Tuesday, April 24, 2007

Social Studies 11 - One to One

I spent an hour this morning observing a Grade 11 class working on a social studies assignment using a set of MacBooks provided by the school district. One of the purposes of this pilot project, now three weeks old and set to run until the end of the semester, is to determine if the students are able to show improved understanding of the concepts by using the computers to research information and demonstrate learning.

Some comments and questions arising from the observation:

1) Most students seemed actively involved in the assignment. They were using Google Tools - in this case, Google Documents, to answer questions regarding Meech Lake and the repatriation of the constitution.

2) When students went briefly off task (as observed using Apple Remote Desktop in Observe mode) it was usually to chat or to explore YouTube videos. The YouTube diversions were more difficult to track as being off task as the teacher uses video resources for some of the assignments.

3) One student commented that using the computers for assignments was much harder than doing the same assignment on paper. The teacher is not opposed to students using pencil and paper, but would like to see all give an effort at the one to one approach.

4) Two students were noticibly upset that their work seemed to disappear from Google Documents. The teacher was able to recover the student work by showing them how they had saved the document, and finding it listed in their documents list more than once. Something further to investigate.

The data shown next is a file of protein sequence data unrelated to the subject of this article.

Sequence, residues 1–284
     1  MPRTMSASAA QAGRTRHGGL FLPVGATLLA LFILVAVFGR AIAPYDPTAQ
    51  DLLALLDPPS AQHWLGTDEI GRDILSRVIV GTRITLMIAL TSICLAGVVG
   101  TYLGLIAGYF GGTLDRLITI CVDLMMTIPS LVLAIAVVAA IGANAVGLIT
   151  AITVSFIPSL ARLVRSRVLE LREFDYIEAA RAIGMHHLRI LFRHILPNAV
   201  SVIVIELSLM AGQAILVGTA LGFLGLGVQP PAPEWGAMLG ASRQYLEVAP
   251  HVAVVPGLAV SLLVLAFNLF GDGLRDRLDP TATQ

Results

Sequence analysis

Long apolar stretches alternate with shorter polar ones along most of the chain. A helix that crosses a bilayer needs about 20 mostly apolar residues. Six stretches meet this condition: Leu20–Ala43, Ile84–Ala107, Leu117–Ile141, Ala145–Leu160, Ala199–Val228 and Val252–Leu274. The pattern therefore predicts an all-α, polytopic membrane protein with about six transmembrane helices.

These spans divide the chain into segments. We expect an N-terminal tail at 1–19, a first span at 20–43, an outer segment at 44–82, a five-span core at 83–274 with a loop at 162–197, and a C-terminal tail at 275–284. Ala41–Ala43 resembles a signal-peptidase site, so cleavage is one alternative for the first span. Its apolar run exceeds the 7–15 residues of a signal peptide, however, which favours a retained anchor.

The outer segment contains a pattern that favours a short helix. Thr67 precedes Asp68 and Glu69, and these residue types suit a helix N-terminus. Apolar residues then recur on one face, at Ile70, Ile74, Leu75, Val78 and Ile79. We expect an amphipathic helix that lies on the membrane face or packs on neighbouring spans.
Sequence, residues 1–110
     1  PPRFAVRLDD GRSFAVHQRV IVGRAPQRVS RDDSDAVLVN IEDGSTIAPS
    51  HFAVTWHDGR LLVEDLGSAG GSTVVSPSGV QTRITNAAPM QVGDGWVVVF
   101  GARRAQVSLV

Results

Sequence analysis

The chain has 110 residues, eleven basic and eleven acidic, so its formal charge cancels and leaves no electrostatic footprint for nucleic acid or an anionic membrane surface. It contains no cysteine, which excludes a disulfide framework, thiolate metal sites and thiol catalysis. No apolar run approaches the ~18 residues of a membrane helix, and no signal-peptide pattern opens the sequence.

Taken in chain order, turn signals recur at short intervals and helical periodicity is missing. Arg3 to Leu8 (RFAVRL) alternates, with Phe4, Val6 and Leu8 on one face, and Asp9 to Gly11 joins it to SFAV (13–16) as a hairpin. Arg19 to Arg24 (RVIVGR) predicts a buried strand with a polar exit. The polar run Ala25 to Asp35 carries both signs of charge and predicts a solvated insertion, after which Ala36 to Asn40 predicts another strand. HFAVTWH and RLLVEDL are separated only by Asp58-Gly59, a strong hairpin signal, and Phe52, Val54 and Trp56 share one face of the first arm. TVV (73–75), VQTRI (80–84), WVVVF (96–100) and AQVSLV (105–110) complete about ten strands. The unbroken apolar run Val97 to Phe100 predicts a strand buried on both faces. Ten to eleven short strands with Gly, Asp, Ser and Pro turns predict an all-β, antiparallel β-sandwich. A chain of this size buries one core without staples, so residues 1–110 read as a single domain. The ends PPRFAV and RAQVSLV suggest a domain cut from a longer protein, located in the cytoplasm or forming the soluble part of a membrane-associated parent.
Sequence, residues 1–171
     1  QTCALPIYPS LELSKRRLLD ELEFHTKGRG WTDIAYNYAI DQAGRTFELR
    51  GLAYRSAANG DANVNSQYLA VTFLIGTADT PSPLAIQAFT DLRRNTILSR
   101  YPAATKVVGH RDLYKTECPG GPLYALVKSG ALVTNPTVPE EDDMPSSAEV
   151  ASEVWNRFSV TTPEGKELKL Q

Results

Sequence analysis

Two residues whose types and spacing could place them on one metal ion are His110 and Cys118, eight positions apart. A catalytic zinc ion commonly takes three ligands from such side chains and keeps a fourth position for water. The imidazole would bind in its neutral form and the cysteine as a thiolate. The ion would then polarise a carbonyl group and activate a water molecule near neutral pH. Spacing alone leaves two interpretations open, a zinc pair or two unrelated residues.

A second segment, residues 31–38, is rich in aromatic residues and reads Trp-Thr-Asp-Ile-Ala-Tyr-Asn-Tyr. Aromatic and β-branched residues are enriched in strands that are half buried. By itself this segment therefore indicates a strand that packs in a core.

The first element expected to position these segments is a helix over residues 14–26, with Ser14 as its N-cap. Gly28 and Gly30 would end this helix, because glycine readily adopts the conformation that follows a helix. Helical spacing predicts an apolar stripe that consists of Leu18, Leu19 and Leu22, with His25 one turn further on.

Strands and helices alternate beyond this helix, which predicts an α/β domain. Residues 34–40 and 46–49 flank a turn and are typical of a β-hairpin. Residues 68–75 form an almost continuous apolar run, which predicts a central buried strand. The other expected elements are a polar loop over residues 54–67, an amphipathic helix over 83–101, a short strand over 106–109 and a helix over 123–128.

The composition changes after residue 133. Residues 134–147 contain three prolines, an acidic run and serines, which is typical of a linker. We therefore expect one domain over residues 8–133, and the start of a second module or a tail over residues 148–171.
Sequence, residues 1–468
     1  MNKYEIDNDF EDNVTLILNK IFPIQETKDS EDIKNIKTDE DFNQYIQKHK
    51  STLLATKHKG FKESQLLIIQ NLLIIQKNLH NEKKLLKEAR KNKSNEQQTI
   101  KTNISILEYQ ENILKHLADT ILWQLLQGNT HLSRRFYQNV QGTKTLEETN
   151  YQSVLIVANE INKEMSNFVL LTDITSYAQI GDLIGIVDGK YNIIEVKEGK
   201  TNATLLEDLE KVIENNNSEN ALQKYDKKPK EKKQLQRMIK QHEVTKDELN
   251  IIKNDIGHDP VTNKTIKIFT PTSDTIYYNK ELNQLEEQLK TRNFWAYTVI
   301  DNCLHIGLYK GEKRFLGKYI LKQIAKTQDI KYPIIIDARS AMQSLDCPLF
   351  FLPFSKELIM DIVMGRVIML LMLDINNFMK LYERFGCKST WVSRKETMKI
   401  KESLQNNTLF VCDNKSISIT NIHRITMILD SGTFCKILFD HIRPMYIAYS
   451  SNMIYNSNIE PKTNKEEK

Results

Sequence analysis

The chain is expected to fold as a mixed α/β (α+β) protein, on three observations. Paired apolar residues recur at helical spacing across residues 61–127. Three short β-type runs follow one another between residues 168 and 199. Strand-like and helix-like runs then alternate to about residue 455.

??? I know in my work that I take virtual road trips from time to time. My brain will not allow me to stay on a single task for a long time. What should be the expectation of the teacher and the school district for one to one classrooms? How much leeway should be given for "brain breaks"?

??? In provincially examinable subjects, how much time can go in to talking about the technical issues so that students clearly understand the web based tools they are using.

A new group of students has just walked in the door... also Grade 11 Socials. It will be interesting to me to see what, if any, new issues surface.

1 comment:

Canadian mom said...

You raise a very good question, "in provincially examinable subjects, how much time can go in to talking about the technical issues so that students clearly understand the web based tools they are using."

We know that these new technologies are important, but all the time could be spent on them. It seems there is a constant steep learning curve in the technical arena.

I am thinking that we need to work at creating techno savy students. What I mean is students that have the tools to figure out how new tools work for themselves. Otherwise we will always be playing catch up.

Part of the solution is starting small and young. If we want techno savy high schoolers we need to start using new technologies in primary grades. And to do that we need to educate primary teachers in technology.

I think of my own kids who are enrolled in a DL program that uses allot of technology. They are learning about online classes, wikis, blogs, forums, and multimedia now in grades 2 and 7. This should translate into being able to use new technologies in their high school years.

I will be interested in hearing about the pilot project at its conclusion.